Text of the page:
posted by Development
As new devices become available and old devices get updated, screen sizes are going to change. It used to be the case (a couple of years ago) that there were just a few sizes (1024x768px, 1280x1024px, 1366x768px). Nowadays, there are hundreds of combinations! Obviously we can't make a different website to fit on every screen size, so what to do?
Responsive design offers a great solution. It allows us to create one website that adjusts to fit perfectly on any size screen – the font size is always readable, everything lays out in a well-organized and easily navigable manner, images always fit perfectly. It doesn't matter if you are using an Android smartphone, an Amazon Kindle Fire or a MacBook Air.
Through the use of fluid grids and adaptive layouts and with the aid of progressive enhancement and a great content strategy, responsive design creates a single website that responds to the user's screen size and device capabilities to make the site look as perfect as possible.
Before We Get Started
Take a look at this simple example of responsive design we created: responsive.thundertech.com
. Resize the window and see what happens (or if you’re on a mobile device, rotate it).
A really handy technique to get Web pages to adjust themselves based on screen size is through the use of fluid grids. This allows us to have a page element (such as a column of text) that always maintains a width that is proportional to the width of the browser window.
Say we want a column of text to be 80 percent of the screen width. As the screen gets smaller, the paragraphs will adjust themselves and the words to the right side of a line will jump to the next line. You can do the same thing with images and block elements. In our responsive.thundertech.com
example, you see this happen on a desktop browser when you resize your window. If you are on a mobile device, you’ll notice that the text breaks in different places when you rotate your device but always takes up the full column width.
So imagine you have two columns of content… if you are using fluid grids, as your window gets smaller, both columns are going to get really skinny. Too skinny. That’s where adaptive layouts come into play. Adaptive layouts allow us to set breakpoints (i.e. if the browser window is fewer than 600 pixels wide, switch to a one-column layout) using CSS media queries. This can dramatically change the layout of the site based on screen size, ensuring that no matter what device the viewer is using, it will always look great!
Note: Some desktop browsers ignore adaptive layouts – specifically Internet Explorer 8 and below, so if you are using IE 7 or 8, you are going to have to take our word for this… just know it is supported in browsers and on devices that need to rely on adaptive layouts for responsive design to work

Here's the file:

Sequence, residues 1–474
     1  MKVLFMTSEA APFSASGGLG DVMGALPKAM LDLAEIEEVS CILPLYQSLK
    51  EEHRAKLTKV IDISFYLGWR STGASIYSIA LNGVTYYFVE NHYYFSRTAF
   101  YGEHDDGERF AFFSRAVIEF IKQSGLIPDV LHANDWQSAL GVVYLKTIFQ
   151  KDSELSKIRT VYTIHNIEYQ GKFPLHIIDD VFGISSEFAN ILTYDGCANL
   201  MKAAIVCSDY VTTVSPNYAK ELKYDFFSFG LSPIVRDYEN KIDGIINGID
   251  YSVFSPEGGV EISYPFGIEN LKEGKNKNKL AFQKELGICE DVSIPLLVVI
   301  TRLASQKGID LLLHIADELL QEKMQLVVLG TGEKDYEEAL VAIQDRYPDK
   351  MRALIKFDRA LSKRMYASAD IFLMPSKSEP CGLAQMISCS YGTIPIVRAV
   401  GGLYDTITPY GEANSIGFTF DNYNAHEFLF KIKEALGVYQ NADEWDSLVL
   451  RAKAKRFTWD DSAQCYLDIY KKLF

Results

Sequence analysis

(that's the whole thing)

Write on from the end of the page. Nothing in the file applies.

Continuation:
If you jump back over to responsive.thundertech.com
, you can see adaptive layouts in action by resizing your browser (again, unless you are using a really old browser). If you make your window really skinny, you will see that the orange boxes in the right column jump below the main column. If you are on a mobile device, you will notice that those boxes are already there. Typically a two-column layout works really well on larger screens, but most users prefer a one-column grid on smaller screens such as smartphones.
Paired with fluid grids and adaptive layouts are a few other techniques that help round out responsive design. Progressive enhancement, for example, adds efficiency in that it lets more advanced browsers (Chrome, Firefox) use features that aren't available in every browser (ahem, Internet Explorer) to enhance the site (think rounded corners or shadows on text), while still maintaining an enjoyable experience across all browsers.
Of course, there are hacks to get some of these features working in all browsers, but they tend to increase load times and often create bugs for all users.
We tend to think of the mobile user as being en-route, walking down the sidewalk. The notion of "one eye and one thumb" has gone to the wayside. While many users are on the go, there is also a growing number of users
who are making their mobile device their primary internet connection.
The decision to leave out content on mobile isolates this growing population. An effective sitemap and well-organized content can grant users access to important information quickly, while providing all the details to users who want to dig deeper.
Responsive design is all about the user experience. We can create quick, elegant sites that work really well for all users, regardless of their device, situation, etc. Furthermore, as new devices come to market, with new and unique screen sizes, a responsive site will be prepared to look perfect with little or no updating. The best examples of responsive design are the ones that users don't notice as being responsive.
Using responsive design techniques, we can create sites that are as future friendly as possible, meaning we can be pretty certain that they’ll play nicely with devices that don't currently exist. This allows you to spend less time worrying about how your website looks on the latest technology and lets you create a more engaging experience for a wider audience.
About the author::
Justin Smith is a Web
developer at thunder::tech. He is also a founding member of the t::t bike club and the proud parent of a basset hound.
TAGS: Data, responsive design, web, design, responsive, mobile, website, fluid grids, adaptive layouts, progressive enhancement, thundertech, Development
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